• What do you need to harness collective intelligence? The other six principles!

Business and I.T. Must Work Together to Manage New “Web 2.0” Tools

A white paper by Dennis D. McDonald and Jeremiah Oeyang:

“Significant opportunities to meet market and customer needs are emerging as corporations harness the next generation of “Web 2.0″ tools and applications. Many business units recognize this and want to move quickly. But are corporate I.T. (Information Technology) departments ready — and willing — to provide the needed support?”

On Corporate Resistance to Enterprise Web 2.0

Dennis D. McDonald on enterprise acceptance of Web 2.0:

“What’s this got to do with enterprise acceptance of Web 2.0 applications developed using new technologies and development tools?

I don’t pretend to understand all the software architecture ins and outs, but it seems to me that if Web 2.0 applications built around AJAX and related technologies are to succeed in the “enterprise” a LOT of dice have to roll the right way, such as:

  • Tools, development, and testing processes must continue to mature (this is happening).
  • Tools, development, and testing processes must be accepted into the enterprise — in addition to, or in replacement of, the architectures that are already there (e.g., how many development platforms is an IT department willing to support?)
  • Data security and stability issues must be solved — especially when it comes to handling sensitive customer and financial data.
  • The new architecture must deliver — and have documented — (a) reduced costs, (b) added benefits, or (c) both (a) and (b).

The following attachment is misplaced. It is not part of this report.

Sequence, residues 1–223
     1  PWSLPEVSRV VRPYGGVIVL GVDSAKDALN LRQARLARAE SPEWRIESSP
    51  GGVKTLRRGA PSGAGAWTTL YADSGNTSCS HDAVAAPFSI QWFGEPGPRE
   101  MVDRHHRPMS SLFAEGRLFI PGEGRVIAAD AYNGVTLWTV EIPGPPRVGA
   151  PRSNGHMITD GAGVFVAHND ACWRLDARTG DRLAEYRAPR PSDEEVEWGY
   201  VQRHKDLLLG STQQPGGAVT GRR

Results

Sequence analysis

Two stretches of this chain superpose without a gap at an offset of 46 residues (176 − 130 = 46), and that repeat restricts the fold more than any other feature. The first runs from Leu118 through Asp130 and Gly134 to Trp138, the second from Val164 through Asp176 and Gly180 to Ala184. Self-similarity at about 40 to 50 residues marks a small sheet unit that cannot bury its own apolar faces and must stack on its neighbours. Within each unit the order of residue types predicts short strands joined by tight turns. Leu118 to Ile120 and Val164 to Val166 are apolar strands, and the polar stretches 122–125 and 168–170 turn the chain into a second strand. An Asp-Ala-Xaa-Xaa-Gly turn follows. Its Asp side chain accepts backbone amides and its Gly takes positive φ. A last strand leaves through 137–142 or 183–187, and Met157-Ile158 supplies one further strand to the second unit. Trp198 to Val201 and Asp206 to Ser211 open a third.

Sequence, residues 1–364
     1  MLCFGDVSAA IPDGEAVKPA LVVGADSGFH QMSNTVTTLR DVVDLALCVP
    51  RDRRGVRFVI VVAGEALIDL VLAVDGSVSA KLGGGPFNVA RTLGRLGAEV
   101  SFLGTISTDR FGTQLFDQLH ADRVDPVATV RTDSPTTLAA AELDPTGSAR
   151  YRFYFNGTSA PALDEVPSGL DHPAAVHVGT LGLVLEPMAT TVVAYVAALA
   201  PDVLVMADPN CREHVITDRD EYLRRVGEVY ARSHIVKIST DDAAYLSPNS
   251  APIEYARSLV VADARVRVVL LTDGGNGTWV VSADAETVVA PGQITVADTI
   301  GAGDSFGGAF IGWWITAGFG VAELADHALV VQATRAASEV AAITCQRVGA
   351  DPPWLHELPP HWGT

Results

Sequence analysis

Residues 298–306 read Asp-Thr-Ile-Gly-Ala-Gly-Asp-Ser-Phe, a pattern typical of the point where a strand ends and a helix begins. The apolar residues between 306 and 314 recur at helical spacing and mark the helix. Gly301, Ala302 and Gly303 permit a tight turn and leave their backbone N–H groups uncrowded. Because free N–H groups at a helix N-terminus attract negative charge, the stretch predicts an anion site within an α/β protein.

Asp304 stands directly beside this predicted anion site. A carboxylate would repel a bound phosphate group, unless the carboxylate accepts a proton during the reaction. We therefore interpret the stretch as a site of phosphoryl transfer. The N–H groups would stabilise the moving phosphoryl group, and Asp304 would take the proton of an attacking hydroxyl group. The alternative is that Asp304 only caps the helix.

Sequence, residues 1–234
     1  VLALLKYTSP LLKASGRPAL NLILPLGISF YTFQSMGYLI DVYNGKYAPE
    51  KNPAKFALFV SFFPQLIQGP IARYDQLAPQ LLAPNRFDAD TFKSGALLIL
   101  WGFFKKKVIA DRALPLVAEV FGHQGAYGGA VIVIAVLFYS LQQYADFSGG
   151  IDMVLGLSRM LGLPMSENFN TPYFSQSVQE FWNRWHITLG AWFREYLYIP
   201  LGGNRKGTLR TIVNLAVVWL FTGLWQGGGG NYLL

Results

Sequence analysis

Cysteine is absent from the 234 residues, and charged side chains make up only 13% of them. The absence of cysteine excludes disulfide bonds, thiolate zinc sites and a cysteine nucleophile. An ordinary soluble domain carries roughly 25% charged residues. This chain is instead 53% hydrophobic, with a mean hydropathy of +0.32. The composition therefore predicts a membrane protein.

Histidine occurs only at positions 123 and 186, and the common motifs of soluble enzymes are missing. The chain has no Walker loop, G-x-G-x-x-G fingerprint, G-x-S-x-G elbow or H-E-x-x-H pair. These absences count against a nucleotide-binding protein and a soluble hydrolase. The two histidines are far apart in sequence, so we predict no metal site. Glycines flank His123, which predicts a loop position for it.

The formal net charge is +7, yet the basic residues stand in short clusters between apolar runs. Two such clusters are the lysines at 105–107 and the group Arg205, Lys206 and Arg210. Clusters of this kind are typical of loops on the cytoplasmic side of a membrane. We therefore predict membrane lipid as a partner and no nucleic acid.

Company executives must be willing to accept a new network architecture paradigm along with its frequent association with “social networking” functionality that many people are still not comfortable with.”

The Boom is Back

FORTUNE Magazine on Net Companies
by Adam Lashinsky:

“You don’t need us to tell you that today the Net is fulfilling many of the visions its wild-eyed prophets were preaching about just a few years ago. All the impossibly cool applications that seemed so elusive in the late 1990s–Internet phone calls, (legal) downloadable music and movies, high-speed web access on cellphones, online bill paying–are a taken-for-granted part of daily life. Young people talk about themselves and their favorite rock bands at MySpace. College students get the 411 on this weekend’s party at Facebook. Moms post their family photos at Flickr. Dilberts waste their companies’ time watching homebrewed videos on YouTube.”

Learning and Social Software

Line56 on Learning and Social Software
by Ulises Mejias:

“Innovations in educational technology are often seen as opportunities to transform learning, and social software (blogs, wikis, social bookmarking, etc.) is no exception. But are the tensions between pedagogies and social software the result of attempts to make the latter conform to traditional teaching practices, or are they signs of real opportunities for rethinking learning processes?”